2. GPR75 Ligands and Signaling Pathways

While GPR75 has long been considered an orphan receptor, ongoing research has gradually revealed its ligands. To date, three ligands for GPR75 have been identified, including RANTES, CCL5, and 20-HETE, with 20-Hydroxyeicosatetraenoic acid (20-HETE) being the most extensively studied.

In studies investigating the pro-inflammatory and hypertensive effects of 20-HETE, Victor Garcia et al. found that 20-HETE can bind to its receptor GPR75. Activation of GPR75 leads to Gαq/11-driven signal transduction, subsequently activating the epidermal growth factor receptor (EGFR) through a GIT1–/c-SRC-dependent pathway, thereby stimulating the activation of MAPK and IKK complexes. Activated IKK induces two events: firstly, IKK triggers the translocation of NF-KB to the cell nucleus. Within the nucleus, NF-KB binds to the promoter region of the angiotensin-converting enzyme (ACE) gene, leading to increased ACE transcription. Secondly, activated IKK promotes the uncoupling of endothelial nitric oxide synthase (eNOS) by recruiting the chaperone protein HSP90, resulting in decreased bioavailability of nitric oxide (NO). Furthermore, signaling through the 20-HETE receptor promotes mechanisms driven by protein kinase C (PKC) activation, including increased reactive oxygen species (ROS) generation derived from NADPH oxidase. These signaling events contribute to endothelial dysfunction and initiate pro-inflammatory pathways, leading to conditions such as diabetes, obesity, endothelial dysfunction, cell proliferation, hypertension, and cardiovascular diseases.

Figure 2. 20-HETE Receptor (GPR75) Signaling in Endothelial Cells [4]

Additionally, Victor Garcia et al. demonstrated in a 20-HETE-dependent hypertension mouse model that knocking down GPR75 prevented the increase in blood pressure, as well as the upregulation of ACE expression, endothelial dysfunction, smooth muscle contractility, and vascular remodeling mediated by 20-HETE [5].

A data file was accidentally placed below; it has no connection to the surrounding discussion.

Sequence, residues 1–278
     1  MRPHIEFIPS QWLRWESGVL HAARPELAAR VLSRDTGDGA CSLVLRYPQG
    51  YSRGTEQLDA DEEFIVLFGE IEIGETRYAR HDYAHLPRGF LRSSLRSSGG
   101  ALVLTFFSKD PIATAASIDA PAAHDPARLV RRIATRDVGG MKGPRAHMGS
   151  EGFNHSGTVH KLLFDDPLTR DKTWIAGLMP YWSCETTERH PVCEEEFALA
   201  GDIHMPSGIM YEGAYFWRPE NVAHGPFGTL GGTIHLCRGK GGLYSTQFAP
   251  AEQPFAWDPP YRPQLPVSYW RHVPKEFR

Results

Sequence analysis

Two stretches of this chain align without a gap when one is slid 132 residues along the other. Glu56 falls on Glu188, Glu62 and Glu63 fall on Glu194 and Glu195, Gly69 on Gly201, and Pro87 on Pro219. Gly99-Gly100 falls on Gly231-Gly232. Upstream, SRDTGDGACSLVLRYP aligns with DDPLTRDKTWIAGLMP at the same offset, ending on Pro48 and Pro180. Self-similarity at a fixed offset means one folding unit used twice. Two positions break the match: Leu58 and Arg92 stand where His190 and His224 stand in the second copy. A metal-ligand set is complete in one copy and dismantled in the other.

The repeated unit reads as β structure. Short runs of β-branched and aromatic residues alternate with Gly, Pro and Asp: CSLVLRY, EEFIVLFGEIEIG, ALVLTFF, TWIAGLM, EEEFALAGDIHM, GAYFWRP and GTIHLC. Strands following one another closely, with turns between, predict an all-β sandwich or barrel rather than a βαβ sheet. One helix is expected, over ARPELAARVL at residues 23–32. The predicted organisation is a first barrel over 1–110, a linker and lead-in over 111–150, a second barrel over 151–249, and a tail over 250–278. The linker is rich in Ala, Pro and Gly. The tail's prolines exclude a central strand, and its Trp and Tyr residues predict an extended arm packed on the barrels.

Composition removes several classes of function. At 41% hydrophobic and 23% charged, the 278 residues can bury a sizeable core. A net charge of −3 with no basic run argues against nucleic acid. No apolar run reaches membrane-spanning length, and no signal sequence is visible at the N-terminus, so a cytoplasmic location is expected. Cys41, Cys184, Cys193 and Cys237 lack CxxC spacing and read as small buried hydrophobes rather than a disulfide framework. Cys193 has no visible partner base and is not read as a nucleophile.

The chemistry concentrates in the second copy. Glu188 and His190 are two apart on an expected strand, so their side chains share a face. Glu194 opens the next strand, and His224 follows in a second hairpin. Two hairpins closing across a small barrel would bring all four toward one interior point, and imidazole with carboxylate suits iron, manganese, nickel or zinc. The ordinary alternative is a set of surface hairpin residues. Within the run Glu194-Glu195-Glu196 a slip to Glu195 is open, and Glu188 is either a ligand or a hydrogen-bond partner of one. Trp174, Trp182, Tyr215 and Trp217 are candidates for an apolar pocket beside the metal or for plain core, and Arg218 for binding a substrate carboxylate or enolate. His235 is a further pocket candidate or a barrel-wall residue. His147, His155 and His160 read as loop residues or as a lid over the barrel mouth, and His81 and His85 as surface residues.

3. GPR75 and Diseases

GPR75 is a novel member of the GPCR family and plays a significant role in various diseases such as obesity, cancer, and metabolic syndrome. As mentioned earlier, GPR75 has three ligands: RANTES, CCL5, and 20-HETE, each of which triggers multiple signaling pathways. Due to the binding of 20-HETE to GPR75, the PKC/PLC, C-src, MAPK, NF-κB, and AKT signaling pathways are activated, leading to inflammation, diabetes, vascular dysfunction remodeling, hypertension, and malignant cell transformation. 20-HETE can increase the invasiveness of non-small cell lung cancer cells and the metastatic potential of prostate cancer cells. Studies have shown that blocking the 20-HETE pathway can reduce the risk of brain cancer, breast cancer, and renal cancer, as well as the migration and invasion of triple-negative breast cancer cells. Generally, 20-HETE enhances the metastatic properties of cancer cells through GPR75. Additionally, 20-HETE regulates actin polymerization by increasing the expression of stress fibers and focal adhesion kinase, thereby affecting cell adhesion and polarization, which in turn affects cell migration and invasion [6].